|21 May 2008 @ 06:34, by shreepal. Organizational Development|
If we apply this defining feature of life to our surrounding universe, we find, surprisingly, all bodies – which are nothing but the systems of component parts – take birth, grow and finally die. Is there life in them? If yes, how evolved are these living systems? Can we communicate with them? They all are so near to us, almost in our midst. A cell in human body is a living structure; it is an independently living thing, though enabled by and thus connected to its surroundings network; it is as well a part of the whole system, which is human being. Can a cell communicate with nearby other cells? Can it communicate with its host, that is, the human being concerned who is highly evolved with the sense of a ‘self’ and whose simple component part it is? There are several kinds of pathogens, which are housed in our body (and now found that they pass on to our next generations through our own mutated DNAs); they are sometime component parts of our own life, our own DNAs. Can these pathogens communicate with the human being whose body houses them? No. Why can’t they do so? We know human cells and whole kinds of its activities but this cell does not know our evolved self. This is the problem that we face in this approach in our search of ET life that may very well exist in our midst, with all its capabilities beyond our comprehension (like fabricating devices a la UFOs, maintaining vigil over human activities on earth, intervening in human affairs by bringing their occasional destructions, which may look to us like innocent natural disasters, because in their estimation humans have gone astray in their activities of the desired course); this kind of life and their community, if existing, must be able, at least theoretically, to contrive things what we call UFOs, keep a watch over our thoughts and activities, while living in our midst and without ever being detected by us with our narrow outlook of life.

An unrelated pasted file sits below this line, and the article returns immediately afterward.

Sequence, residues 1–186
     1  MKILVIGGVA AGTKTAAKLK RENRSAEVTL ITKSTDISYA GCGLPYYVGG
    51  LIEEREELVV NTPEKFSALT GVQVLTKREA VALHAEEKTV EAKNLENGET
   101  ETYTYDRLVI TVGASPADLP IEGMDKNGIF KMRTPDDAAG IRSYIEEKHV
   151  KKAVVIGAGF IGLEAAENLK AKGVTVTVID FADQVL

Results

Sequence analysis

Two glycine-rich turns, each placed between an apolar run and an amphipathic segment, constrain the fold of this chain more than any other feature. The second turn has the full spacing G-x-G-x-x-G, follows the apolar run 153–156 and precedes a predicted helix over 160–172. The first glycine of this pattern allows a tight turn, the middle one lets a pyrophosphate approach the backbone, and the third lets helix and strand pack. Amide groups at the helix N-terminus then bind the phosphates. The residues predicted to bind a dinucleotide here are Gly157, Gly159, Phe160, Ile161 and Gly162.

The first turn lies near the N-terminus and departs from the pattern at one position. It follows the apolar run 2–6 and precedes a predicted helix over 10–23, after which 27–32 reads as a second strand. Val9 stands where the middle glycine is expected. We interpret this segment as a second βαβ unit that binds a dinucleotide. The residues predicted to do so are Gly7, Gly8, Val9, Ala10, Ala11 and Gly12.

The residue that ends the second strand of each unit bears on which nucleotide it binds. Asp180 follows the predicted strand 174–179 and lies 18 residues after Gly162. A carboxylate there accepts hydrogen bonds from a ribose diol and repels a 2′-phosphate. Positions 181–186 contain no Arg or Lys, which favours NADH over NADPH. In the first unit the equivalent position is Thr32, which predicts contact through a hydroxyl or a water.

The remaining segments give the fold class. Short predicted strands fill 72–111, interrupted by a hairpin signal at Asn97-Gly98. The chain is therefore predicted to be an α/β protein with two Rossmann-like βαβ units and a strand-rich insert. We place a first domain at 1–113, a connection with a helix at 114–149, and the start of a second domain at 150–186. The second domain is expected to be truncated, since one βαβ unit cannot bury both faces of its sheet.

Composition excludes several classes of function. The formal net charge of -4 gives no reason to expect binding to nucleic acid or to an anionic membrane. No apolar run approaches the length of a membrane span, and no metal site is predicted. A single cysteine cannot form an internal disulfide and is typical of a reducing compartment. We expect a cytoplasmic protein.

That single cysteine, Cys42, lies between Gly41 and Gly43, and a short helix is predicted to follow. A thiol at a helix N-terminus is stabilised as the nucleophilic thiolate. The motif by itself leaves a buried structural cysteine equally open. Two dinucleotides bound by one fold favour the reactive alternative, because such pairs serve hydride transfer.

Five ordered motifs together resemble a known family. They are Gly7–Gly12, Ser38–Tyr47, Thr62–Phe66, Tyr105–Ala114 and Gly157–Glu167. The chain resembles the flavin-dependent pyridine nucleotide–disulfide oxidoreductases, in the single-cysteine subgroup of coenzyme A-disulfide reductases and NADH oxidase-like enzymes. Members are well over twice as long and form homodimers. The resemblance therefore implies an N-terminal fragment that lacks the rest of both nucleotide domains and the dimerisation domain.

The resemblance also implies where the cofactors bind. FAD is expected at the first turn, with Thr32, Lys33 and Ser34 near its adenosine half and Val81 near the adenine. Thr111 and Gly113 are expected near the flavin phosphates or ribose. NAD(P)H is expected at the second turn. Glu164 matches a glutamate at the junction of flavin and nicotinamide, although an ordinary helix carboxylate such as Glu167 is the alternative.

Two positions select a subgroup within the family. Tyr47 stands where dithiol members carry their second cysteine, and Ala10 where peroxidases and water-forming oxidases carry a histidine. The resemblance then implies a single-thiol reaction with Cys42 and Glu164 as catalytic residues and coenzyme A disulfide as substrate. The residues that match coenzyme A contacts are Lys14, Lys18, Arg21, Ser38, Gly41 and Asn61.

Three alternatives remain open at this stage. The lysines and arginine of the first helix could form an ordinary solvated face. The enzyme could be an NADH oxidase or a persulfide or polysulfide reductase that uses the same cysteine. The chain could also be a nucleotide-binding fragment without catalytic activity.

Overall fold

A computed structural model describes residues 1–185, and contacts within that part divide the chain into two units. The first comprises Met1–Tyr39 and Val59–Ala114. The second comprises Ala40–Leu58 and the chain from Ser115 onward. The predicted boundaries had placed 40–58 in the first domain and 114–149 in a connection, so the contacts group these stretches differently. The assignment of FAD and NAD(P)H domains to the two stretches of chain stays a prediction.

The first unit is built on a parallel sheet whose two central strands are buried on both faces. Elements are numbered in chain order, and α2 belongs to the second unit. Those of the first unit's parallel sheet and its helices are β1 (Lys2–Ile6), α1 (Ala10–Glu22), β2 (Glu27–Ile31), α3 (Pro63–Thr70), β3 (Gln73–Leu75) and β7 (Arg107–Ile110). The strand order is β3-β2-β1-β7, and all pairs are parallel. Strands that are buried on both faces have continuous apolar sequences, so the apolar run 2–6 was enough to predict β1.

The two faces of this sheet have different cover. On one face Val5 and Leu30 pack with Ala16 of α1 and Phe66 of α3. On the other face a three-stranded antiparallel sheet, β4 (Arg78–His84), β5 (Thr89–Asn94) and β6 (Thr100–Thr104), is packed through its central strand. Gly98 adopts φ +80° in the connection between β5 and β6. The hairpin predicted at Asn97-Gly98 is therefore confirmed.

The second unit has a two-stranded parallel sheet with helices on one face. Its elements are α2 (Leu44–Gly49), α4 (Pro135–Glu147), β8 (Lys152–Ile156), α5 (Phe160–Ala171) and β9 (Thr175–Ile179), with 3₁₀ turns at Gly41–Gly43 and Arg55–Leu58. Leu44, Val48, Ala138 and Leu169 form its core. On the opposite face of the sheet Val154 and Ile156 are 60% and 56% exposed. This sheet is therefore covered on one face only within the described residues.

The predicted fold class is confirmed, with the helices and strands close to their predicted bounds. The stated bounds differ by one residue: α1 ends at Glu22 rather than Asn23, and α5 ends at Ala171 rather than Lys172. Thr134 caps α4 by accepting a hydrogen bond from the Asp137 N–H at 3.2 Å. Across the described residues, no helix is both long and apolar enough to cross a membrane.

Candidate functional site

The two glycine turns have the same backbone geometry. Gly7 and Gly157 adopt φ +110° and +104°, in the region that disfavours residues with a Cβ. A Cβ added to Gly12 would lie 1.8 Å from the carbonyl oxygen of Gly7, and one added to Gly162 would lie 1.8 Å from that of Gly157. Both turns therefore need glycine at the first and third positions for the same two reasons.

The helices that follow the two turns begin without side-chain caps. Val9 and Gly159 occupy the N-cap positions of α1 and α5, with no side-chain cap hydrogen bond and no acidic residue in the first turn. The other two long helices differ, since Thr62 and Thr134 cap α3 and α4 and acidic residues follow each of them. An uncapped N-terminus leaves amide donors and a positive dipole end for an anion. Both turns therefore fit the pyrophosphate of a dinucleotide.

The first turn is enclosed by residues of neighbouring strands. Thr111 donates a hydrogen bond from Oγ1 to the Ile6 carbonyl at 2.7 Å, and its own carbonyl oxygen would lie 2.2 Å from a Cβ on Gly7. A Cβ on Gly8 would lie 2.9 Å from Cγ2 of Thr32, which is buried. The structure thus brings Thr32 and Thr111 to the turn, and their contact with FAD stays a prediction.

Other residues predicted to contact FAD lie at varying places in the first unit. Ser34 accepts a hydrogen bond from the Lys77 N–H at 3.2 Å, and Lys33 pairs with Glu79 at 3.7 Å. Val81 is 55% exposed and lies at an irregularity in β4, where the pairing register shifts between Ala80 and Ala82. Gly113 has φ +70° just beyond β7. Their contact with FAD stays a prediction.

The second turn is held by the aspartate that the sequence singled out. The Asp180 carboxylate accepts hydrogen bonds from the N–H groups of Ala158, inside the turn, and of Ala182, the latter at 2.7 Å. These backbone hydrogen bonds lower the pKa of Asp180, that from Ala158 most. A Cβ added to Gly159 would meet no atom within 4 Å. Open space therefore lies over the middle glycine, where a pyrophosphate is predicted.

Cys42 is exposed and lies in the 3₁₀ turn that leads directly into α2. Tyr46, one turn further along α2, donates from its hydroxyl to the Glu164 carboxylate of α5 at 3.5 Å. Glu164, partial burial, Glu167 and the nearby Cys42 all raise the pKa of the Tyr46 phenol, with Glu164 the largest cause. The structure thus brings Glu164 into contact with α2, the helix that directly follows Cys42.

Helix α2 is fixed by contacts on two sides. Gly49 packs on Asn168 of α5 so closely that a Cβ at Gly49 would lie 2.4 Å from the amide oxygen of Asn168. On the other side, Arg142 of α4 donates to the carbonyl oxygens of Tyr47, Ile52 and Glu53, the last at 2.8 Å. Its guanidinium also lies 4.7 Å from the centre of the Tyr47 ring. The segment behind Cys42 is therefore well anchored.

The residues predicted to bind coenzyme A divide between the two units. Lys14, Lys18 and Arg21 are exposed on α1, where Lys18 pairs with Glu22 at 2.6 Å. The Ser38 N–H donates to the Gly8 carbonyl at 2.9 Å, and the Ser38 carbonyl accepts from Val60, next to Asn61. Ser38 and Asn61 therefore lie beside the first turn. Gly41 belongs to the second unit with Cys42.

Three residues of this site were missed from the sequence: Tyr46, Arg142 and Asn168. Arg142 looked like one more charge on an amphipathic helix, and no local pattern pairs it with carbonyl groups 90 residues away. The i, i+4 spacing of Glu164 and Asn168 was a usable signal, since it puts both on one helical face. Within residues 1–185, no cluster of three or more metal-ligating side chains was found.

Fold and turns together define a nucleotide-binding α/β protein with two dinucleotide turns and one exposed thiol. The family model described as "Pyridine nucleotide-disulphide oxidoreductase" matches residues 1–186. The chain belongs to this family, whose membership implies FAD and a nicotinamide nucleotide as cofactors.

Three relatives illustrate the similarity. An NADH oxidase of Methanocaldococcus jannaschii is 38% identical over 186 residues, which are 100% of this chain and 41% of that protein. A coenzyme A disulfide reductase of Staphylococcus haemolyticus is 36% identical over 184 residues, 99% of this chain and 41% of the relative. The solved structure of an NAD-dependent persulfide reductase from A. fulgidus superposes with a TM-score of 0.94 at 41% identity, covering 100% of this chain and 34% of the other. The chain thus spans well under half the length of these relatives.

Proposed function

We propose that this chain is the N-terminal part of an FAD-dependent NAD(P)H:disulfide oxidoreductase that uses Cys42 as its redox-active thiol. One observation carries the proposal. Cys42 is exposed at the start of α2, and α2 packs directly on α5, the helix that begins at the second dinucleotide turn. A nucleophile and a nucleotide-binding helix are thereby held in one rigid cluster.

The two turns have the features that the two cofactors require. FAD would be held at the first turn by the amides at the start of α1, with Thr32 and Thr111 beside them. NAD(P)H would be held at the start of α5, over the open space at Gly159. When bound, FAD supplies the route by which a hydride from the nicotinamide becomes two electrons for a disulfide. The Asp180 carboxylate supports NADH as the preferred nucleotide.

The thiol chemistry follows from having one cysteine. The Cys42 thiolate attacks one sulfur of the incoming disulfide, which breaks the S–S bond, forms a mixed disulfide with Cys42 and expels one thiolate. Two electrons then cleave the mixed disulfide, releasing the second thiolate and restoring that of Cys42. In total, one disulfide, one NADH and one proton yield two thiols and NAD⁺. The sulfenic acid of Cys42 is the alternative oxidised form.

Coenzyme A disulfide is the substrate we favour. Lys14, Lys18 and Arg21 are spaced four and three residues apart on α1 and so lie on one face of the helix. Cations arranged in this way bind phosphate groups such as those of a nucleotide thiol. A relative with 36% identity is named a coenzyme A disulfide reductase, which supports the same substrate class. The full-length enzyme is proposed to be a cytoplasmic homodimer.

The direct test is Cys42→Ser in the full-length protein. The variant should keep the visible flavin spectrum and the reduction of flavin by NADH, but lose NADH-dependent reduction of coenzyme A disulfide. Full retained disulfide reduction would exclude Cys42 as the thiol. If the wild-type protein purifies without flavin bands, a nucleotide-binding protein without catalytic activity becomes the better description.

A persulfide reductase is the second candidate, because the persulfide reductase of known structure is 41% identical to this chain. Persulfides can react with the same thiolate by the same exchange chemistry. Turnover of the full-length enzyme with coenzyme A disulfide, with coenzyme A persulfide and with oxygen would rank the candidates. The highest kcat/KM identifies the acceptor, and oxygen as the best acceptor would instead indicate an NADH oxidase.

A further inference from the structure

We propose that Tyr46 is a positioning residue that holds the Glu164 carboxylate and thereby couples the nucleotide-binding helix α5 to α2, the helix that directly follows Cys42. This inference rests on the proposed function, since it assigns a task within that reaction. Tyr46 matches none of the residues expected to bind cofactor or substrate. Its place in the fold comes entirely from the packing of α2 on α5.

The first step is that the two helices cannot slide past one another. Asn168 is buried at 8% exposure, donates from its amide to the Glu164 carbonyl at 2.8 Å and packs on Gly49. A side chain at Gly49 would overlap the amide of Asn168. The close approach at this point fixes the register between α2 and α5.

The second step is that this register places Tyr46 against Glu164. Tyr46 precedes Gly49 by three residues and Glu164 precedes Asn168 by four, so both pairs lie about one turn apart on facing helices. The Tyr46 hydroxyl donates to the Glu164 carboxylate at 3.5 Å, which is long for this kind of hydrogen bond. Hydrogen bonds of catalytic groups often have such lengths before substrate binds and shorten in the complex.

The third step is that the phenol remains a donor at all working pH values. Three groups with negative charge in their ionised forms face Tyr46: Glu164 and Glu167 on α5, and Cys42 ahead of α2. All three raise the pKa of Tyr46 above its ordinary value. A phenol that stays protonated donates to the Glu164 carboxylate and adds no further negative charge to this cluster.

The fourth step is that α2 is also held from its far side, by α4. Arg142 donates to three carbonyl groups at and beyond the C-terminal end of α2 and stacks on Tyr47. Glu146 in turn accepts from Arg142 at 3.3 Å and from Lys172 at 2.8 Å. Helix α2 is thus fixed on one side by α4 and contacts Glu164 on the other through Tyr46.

Could it be that there is life all around us and in abundance? Are we simply one of many kinds of life existing in material form? And, are we and these other kinds of life merely parts of a mega life existing in material form all around us? If it is so, how can we detect them? How can we communicate with them? What kinds of scientific tools would be required to communicate with our neighborly life? Can we employ mathematical tools to decode their k\life code? In this endeavor our knowledge of coding computer software and genetic coding may be a great help. We have to take their fundamental principles and apply them to our surrounding world. Even we may apply them to many phenomena present on earth, which in essence may be systems in operations.
In this approach to search ET life around us we assume that in a given case a particular kind of life program coded with the aid of concerned media is being executed through instructions. These instructions would be mechanism of elements involved propelling the whole system. In the life we have on earth, there is an intake of energy that comes from food. This energy propels the whole system geared to bring the programmed outcome, namely, the above mentioned three common properties of life.